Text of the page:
Jan Null, CCM
Golden Gate Weather Services
http://ggweather.com
jnull@ggweather.com

 


 

]]>
Jan Null
tag:ggweather.posthaven.com,2013:Post/1127654 2017-01-31T18:41:22Z 2017-01-31T18:42:52Z Not the Wettest January or Season to Date


Yes, January and the Rainfall Season to date (July 1 to January 31) have been wetter than normal, but they are far from "the wettest" or record-setting. Only the 5-station Central Sierra Index had their wettest January on record, but that period of record goes back to only 1913, more than 60 years shorter than most of the other records. Of the individual stations with long periods of record extending back to the mid-19th century, San Francisco's 9.42" was only the 16th rainiest and Redding's 11.45" was their 23rd wettest.

Likewise, the season-to-date number have been impressive, but most have not even been in the top 10 wettest. 


The following are the Top 10 Wettest Januarys.


The following are the Top 10 Wettest July through January.


Jan Null, CCM
Golden Gate Weather Services
jnull@ggweather.com

 

 

]]>
Jan Null
tag:ggweather.posthaven.com,2013:Post/1125356 2017-01-23T17:13:24Z 2017-01-23T17:13:24Z California Precipitation Snapshot California Precipitation Snapshot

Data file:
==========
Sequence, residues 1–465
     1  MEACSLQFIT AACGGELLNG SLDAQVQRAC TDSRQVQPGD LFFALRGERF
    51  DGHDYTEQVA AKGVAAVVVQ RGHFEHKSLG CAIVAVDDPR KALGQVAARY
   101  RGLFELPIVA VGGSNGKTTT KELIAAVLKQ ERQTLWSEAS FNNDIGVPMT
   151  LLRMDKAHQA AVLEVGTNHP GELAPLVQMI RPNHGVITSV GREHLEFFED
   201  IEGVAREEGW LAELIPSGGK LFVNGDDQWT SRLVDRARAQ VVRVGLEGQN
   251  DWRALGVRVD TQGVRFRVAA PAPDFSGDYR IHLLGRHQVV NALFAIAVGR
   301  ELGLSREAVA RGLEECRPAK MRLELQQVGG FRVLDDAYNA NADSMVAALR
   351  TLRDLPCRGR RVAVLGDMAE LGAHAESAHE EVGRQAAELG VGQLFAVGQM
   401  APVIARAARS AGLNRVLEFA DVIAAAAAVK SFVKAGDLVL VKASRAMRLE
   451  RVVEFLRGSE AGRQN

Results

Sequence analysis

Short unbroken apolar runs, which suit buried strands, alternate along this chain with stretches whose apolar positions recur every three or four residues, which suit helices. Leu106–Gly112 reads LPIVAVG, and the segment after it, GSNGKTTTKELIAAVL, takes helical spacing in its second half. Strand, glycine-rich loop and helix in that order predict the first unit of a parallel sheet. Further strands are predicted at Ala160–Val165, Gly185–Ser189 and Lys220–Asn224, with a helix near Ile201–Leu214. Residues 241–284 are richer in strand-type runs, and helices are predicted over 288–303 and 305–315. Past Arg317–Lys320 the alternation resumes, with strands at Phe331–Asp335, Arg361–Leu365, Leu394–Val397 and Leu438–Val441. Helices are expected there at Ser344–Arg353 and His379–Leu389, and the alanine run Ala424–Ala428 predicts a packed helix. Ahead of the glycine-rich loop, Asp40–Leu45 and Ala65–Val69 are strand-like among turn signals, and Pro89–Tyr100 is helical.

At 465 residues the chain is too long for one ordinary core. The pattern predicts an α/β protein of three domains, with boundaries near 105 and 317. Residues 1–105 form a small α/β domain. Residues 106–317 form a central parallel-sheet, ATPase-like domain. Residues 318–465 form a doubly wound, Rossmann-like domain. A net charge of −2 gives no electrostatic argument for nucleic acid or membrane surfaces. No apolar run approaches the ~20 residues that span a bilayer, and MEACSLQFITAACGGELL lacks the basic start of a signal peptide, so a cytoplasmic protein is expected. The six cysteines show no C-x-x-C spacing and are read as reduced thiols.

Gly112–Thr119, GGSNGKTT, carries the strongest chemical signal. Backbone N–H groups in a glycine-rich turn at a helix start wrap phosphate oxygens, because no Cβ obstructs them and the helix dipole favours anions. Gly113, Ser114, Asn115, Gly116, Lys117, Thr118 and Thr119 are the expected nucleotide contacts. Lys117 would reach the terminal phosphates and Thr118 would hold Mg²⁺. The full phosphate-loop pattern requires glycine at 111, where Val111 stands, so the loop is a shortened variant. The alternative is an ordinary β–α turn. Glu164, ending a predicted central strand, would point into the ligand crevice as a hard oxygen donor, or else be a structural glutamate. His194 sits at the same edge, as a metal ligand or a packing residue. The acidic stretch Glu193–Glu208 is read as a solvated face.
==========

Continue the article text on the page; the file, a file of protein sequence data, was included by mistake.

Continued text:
California continues to rack up impressive rainfall totals. All 3 of the Sierra indices are within a storm of normal for entire season (Jul 1 - Jun 30)!  Sacramento has already exceeded a full season. See http://ggweather.com/water/


Jan Null, CCM
Golden Gate Weather Services
http://ggweather.com
jnull@ggweather.com

 

]]>
Jan Null
tag:ggweather.posthaven.com,2013:Post/1125354 2017-01-23T17:12:01Z 2017-01-23T17:12:01Z California Precipitation Snapshot California Precipitation Snapshot

 

California continues to rack up impressive rainfall totals. All 3 of the Sierra indices are within a storm of normal for entire season (Jul 1 - Jun 30)!  Sacramento has already exceeded a full season. See http://ggweather.com/water/


Jan Null, CCM
Golden Gate Weather Services
http://ggweather.com
jnull@ggweather.com

 

]]>
Jan Null
tag:ggweather.posthaven.com,2013:Post/1125352 2017-01-23T17:08:51Z 2017-01-23T17:11:38Z California Precipitation Snapshot California Precipitation Snapshot

 

California continues to rack up impressive rainfall totals. All 3 of the Sierra indices are within a storm of normal for entire season (Jul 1 - Jun 30)!  Sacramento has already exceeded a full season. See http://ggweather.com/water/


Jan Null, CCM
Golden Gate Weather Services
http://ggweather.com
jnull@ggweather.com

 

]]>
Jan Null
tag:ggweather.posthaven.com,2013:Post/1121766 2017-01-09T17:37:23Z 2017-01-09T17:40:43Z California Precipitation Snapshot; Bay Area Storm Index

The California precipitation picture got a lot prettier over the weekend; especially in Sierra Nevada which saw huge gains. For example the the southern Sierra Nevada (i.e., Tulare Basin) jumped from 103% of normal on January 1 to 165% through yesterday (January 8), while the northern and central Sierra increased to 173% and 172% respectively. See  http://ggweather.com/water/